Brand name check: Common Linguistic mistakes when entering the Chinese market

Written by Victoria WhitewickVictoria Whitewick

In today’s crowded market, a brand name is one of the most critical aspects of a business. It is much more than just a label as it represents a company’s identity, values, and personality. A good brand can help differentiate a product or service, build recognition and loyalty, and contribute to a strong brand image.

Nevertheless, brand naming is a challenging task, and numerous prominent businesses have made mistakes. Resulting in negative consequences for their marketing and sales endeavours. This blog article will highlight some of the most common brand naming blunders, how to avoid them and the importance of brand name checks!

Translating brand names into other languages

Maintaining the brand’s identity can be a challenging task when translating brand names into other languages. Particularly, when localisation is necessary for languages with semantic or phonetic discrepancies. It is not as simple as translating words from one language to another. The translation needs to be culturally appropriate and linguistically accurate while keeping the brand’s personality and values intact. Therefore, it requires a creative approach that considers the brand’s unique personality and the local market’s preferences and cultural values.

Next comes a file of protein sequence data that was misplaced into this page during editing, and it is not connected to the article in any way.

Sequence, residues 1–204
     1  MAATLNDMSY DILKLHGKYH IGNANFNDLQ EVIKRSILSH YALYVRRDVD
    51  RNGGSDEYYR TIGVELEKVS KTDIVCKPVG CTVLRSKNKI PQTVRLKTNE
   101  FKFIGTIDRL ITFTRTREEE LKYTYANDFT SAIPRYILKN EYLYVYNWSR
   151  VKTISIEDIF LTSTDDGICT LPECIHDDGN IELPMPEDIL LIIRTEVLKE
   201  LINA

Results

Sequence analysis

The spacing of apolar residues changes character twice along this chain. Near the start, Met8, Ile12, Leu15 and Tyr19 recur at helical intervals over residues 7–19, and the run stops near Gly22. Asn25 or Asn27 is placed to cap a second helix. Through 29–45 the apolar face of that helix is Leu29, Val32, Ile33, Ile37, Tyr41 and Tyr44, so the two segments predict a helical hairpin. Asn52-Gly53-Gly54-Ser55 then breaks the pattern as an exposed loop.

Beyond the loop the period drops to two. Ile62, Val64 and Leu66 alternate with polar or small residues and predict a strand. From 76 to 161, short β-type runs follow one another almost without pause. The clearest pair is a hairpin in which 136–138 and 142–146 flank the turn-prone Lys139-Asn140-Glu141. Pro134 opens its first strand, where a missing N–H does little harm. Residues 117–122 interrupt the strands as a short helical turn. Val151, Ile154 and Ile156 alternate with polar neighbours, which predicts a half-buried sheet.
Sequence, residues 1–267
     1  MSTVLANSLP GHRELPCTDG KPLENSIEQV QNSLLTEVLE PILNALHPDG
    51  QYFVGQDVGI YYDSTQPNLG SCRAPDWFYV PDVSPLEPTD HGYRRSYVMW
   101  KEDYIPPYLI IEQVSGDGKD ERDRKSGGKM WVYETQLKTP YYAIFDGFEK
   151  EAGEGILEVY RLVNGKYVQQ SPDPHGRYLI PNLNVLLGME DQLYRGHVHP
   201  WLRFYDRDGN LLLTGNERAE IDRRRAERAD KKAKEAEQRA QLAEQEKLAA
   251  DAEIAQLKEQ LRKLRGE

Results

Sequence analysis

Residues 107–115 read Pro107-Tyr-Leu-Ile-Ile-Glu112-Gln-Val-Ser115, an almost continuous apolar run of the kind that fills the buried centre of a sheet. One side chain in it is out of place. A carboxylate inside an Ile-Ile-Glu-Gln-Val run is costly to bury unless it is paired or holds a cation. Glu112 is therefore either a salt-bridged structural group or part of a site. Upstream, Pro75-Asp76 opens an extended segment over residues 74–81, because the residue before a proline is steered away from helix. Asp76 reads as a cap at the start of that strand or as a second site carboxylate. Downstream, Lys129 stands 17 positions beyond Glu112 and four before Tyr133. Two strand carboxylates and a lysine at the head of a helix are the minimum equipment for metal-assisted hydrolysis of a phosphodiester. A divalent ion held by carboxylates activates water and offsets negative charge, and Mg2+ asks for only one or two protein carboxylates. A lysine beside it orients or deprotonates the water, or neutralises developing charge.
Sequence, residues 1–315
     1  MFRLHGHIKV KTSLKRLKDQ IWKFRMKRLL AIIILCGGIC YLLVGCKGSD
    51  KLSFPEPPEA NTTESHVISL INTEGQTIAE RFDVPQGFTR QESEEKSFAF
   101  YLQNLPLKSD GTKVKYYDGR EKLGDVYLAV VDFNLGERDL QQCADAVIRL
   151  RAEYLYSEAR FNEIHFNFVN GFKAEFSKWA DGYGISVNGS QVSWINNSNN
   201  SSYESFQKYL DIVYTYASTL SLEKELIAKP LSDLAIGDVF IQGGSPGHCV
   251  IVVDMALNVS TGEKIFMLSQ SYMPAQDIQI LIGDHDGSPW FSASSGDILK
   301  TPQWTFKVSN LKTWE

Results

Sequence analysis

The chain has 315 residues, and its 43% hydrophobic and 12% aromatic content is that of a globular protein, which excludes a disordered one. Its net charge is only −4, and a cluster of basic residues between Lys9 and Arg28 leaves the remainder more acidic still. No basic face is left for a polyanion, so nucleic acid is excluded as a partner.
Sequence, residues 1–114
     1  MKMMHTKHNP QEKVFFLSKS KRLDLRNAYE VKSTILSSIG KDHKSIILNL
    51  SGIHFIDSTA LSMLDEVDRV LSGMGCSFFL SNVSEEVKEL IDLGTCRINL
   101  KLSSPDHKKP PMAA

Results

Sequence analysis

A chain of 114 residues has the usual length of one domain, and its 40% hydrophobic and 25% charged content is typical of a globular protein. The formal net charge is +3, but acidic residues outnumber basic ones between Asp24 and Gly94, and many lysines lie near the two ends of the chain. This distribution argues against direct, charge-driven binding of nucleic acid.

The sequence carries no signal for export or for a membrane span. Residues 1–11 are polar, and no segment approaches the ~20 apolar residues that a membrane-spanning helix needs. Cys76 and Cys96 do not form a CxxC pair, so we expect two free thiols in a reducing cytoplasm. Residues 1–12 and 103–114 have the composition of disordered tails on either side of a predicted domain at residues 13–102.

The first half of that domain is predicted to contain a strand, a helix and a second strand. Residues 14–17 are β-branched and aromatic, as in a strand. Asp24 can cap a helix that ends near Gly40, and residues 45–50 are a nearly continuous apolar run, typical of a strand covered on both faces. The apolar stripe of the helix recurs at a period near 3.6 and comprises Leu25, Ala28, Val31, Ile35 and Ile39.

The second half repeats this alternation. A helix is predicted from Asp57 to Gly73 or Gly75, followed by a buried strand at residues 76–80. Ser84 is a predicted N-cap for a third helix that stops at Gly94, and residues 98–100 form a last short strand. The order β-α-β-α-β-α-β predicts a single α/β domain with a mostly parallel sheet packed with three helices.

The difficulty of adapting to the Chinese market

One of the most common challenges that companies face when localising their brand names is when they use transliteration strategies. For example, when companies want to adapt their English brand names to a completely different writing system. Such as in the case of the Chinese script.

When using transliteration strategies, the goal is to find a Chinese pronunciation that sounds similar to the original English brand name. For instance, Carrefour opted for a phonetic-based approach in choosing its Chinese brand name, “Jia-le-fu”. This translates to “home/family-happy-fortunate” in Chinese, reflecting its positive meaning in the local culture.

Some not so successful examples when translating to Chinese

The most notorious example of a failed brand name translation into Chinese is that of Coca Cola. Who first entered the Chinese market in the 1920s. The company faced major challenges in translating its brand name into Chinese characters. The initial translation of its brand name was “ko-kä-kö-la” as it sounded similar to the original in English. However, the translation was problematic as the characters had a completely different meaning when combined. It resulted in the unfortunate translation being “bite a wax tadpole” (蝌蚪啃蜡) in Chinese.

This translation was not only meaningless but conveyed some very odd imagery. This resultingly led to some negative connotations towards the well-renowned brand. Subsequently, Coca Cola realised their mistakes and developed a much more appropriate translation which is “kěkǒu kělè”. This means “tasty fun”. This name is now linguistically correct and appealing to Chinese customers. Which has helped to increase the brand’ selling’s in China.